Playing Noah for laughs, seriously

Spotlight

Spotlight on: Steve Carell

June 22, 2007|By John Anderson | John Anderson,Newsday

The original Noah had a job of what might be called biblical proportions - cubits this way, cubits that way, animal uprisings, cat dander. But at least he didn't have to follow Jim Carrey.

Steve Carell doth.

Evan Almighty, the Old Testament-derived comedy opening today and starring Carell as God's handmaiden, is director Tom Shadyac's quasi-sequel to his ridiculously successful Bruce Almighty, the 2003 Carrey-driven farce that became one of the most lucrative comedies ever (close to $500 million worldwide).

For Evan, Shaydac admits, he wanted Carrey. He got Carell. He should thank God, regardless of how God feels about being played by Morgan Freeman.

Even a cursory study suggests that the current movie scene can be parted, like the Red Sea, between the Knocked Ups of the world and the Evan Almightys. One is vulgar, rude, obnoxious and hilarious. The other is, well, something else. What they have in common is the 44-year-old Carell, who over the last half-decade has been establishing himself as Mr. Ubiquitous: The Daily Show. Anchorman. The 40 Year Old Virgin (which he co-wrote with Knocked Up's Judd Apatow). Over the Hedge. Little Miss Sunshine. And The Office. And, next year, Maxwell Smart in the big-screen version of NBC's Get Smart.

Meanwhile, seagulls are pooping on his nice blue suit.

"That's what they do," Carell says. He's recalling a scene in Evan during which his character is engulfed in feathers, which are still attached to birds. All the animals follow Evan around: They want him to take them on the boat that God's told him to build.

"Basically," he said, "all the animals that would not eat us were on set."

Carell's co-star, Wanda Sykes, said that if someone named God came up to her on the street and told her to build an ark, "I'd give him a dollar and keep it movin'."

Carell takes what seems to be a serious attitude about public reaction to a movie that takes the Lord's name in vain, profanes Holy Word and commits blasphemy with every frame.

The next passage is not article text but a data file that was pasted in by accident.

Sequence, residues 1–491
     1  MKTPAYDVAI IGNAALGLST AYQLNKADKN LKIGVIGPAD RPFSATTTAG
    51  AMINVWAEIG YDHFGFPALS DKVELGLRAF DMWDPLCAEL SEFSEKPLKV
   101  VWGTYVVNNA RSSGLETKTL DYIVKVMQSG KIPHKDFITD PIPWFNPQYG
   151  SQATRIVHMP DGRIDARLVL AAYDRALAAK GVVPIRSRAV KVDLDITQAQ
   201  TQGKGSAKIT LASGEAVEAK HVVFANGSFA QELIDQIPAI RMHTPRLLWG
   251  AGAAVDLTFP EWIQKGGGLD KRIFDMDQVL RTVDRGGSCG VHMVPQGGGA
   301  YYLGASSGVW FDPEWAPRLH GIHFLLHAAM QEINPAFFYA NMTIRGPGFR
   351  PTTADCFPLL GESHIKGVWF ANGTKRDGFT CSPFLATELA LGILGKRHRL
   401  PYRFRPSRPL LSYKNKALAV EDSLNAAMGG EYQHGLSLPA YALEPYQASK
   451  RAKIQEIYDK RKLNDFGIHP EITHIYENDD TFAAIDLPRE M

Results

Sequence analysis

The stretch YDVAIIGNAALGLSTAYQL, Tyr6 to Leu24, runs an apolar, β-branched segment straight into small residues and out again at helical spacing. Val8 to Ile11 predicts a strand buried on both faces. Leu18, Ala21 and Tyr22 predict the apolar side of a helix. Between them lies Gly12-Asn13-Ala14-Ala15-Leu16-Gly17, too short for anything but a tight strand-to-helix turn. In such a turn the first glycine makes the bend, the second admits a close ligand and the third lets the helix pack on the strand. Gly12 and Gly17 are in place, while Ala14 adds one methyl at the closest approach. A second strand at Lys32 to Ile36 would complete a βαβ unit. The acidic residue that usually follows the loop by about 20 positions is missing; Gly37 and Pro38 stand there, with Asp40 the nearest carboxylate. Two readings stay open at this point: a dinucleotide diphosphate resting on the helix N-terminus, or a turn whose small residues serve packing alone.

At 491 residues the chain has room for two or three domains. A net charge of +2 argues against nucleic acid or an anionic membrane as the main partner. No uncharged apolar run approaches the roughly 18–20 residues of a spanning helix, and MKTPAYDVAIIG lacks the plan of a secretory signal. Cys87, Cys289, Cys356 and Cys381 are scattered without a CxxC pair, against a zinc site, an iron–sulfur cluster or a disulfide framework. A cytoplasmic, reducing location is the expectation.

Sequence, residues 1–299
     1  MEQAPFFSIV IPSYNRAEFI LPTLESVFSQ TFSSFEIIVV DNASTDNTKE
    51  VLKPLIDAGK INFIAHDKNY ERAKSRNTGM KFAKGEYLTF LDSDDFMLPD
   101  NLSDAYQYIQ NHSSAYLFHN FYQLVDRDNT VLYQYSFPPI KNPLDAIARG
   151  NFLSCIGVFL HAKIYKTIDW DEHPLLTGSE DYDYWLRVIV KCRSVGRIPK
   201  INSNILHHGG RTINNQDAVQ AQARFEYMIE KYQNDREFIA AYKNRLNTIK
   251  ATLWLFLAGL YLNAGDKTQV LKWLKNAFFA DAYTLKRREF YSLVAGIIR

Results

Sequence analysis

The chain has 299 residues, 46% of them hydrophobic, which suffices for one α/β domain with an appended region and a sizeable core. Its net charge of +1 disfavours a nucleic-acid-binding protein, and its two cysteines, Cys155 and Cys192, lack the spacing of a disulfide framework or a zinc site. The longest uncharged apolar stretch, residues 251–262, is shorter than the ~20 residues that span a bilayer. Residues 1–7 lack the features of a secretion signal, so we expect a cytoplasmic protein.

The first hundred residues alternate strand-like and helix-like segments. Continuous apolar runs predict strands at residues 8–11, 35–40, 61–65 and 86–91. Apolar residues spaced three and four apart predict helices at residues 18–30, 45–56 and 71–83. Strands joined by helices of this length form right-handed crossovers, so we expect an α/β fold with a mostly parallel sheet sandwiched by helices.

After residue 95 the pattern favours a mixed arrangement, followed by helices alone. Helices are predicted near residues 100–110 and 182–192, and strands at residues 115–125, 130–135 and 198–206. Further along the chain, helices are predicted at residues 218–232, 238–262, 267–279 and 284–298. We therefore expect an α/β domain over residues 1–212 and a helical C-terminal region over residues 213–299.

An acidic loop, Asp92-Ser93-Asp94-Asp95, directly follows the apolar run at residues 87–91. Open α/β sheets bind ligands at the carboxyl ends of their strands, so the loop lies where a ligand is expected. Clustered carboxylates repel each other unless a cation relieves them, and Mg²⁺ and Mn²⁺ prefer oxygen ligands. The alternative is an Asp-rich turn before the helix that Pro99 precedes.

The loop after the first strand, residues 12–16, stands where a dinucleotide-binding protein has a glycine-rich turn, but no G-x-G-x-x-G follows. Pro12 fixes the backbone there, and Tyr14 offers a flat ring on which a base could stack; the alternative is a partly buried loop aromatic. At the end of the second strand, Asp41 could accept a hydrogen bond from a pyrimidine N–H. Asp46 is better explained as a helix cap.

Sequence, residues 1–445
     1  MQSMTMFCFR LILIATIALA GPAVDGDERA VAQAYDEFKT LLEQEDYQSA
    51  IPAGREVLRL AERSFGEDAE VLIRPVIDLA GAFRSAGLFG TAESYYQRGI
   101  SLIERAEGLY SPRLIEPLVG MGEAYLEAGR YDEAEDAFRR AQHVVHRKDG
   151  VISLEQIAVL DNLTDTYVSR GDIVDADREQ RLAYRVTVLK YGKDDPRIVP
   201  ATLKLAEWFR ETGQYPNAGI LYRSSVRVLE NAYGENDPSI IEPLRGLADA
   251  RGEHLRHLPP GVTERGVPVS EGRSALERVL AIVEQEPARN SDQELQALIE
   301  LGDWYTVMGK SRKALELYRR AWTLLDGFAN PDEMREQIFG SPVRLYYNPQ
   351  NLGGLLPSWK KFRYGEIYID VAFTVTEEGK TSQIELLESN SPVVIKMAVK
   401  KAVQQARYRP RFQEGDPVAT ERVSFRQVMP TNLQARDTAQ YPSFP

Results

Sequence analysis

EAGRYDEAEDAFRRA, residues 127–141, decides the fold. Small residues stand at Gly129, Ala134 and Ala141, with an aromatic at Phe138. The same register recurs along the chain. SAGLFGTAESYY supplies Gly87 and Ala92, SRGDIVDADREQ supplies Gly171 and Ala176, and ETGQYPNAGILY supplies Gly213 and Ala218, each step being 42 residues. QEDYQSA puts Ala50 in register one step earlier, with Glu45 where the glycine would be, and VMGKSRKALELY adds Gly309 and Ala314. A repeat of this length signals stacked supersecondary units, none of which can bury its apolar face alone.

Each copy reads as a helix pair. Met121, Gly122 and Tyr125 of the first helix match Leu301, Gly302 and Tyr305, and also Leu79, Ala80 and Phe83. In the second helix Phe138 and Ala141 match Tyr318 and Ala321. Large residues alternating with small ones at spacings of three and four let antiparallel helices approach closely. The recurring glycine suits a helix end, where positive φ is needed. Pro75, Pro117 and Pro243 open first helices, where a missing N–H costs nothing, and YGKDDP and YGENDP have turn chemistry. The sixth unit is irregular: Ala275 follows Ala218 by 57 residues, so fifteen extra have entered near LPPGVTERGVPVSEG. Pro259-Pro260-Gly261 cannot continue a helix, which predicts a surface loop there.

The subject matter of Evan Almighty attracted more than the usual attention of faith-based press last week: It's junket day on the Universal lot in Burbank, and hungry nuns have been spotted at the buffet table. Carell laughs.

"I think, with this, we've been able to strike a balance between something that isn't offensive, and is kind, without seeming to be pandering or cloying or looking like we're shoving a message down anybody's throat. I don't know, I liked it. I was really proud of it when I saw it."

The title character, Evan Baxter, was a newscaster in Bruce Almighty and is a newscaster in Evan Almighty - before he becomes a congressman. In Evan, he acquires a rather persistent beard that makes him look like a person from the Old Testament or, as Sykes put it, "the guy from Fleetwood Mac."

Carell's grace under pressure - all the abuse and the birds and the ark-building, which Shadyac claimed Carell can actually do ("He's gilding the lily on that one," Carell said) - earned the admiration of his co-stars. "We sort of had more dramatic scenes together," said ex-Gilmore Girl Lauren Graham, who plays Carell's wife. "And he's a real actor. He worked from inside the character, small, subtle. He wasn't like, I'm doing something wacky and big!'"

"He works. He shows up. He's a real trouper," Sykes said. "And he cracked me up."

Carell, when all is said and done, is a reactive comedian - things happen to him, more often than not - and proved he could do drama in Little Miss Sunshine, which, despite all the comedy hype, was a pretty melancholy movie. He's also part of that Judd Apatow-Seth Rogen-Jonah Hill comedy mafia, which, right now, seems to be bending movie comedy to its own will.

"I think there's always different approaches and different takes," Carell says. "When I was growing up, we had things like Ghostbusters, and Bill Murray, the [Saturday Night Live]-based crowd, Harold Ramis writing and directing, and Mel Brooks was making things. People were coming at [comedy] from different angles and different frames of reference, and I think that continues today.

"Judd and I created Virgin, which had a specific idea and specific tone we were going for. Evan has a different tone, a different type of comedy, and I don't think it's necessarily different than it's ever been. There are just new people sort of evolving right now and it's exciting.

"I saw Knocked Up the other day, and it's so good, Seth was so good. And I was proud, y'know, proud for them, of them, and happy to be part of their world."

Meanwhile, Carell looks for projects he thinks will be good, not waiting necessarily, for the voice of God. Or Morgan Freeman.

"On the other hand, I just like to be employed, too," he said. "So I just keep working. I don't want to be too precious - `Oh well, I really want to do a draaama, something to stretch me as an actor.' I just want something that's good."

"King Lear, perhaps.

"Yeah," he says, "or Othello."

John Anderson writes for Newsday.

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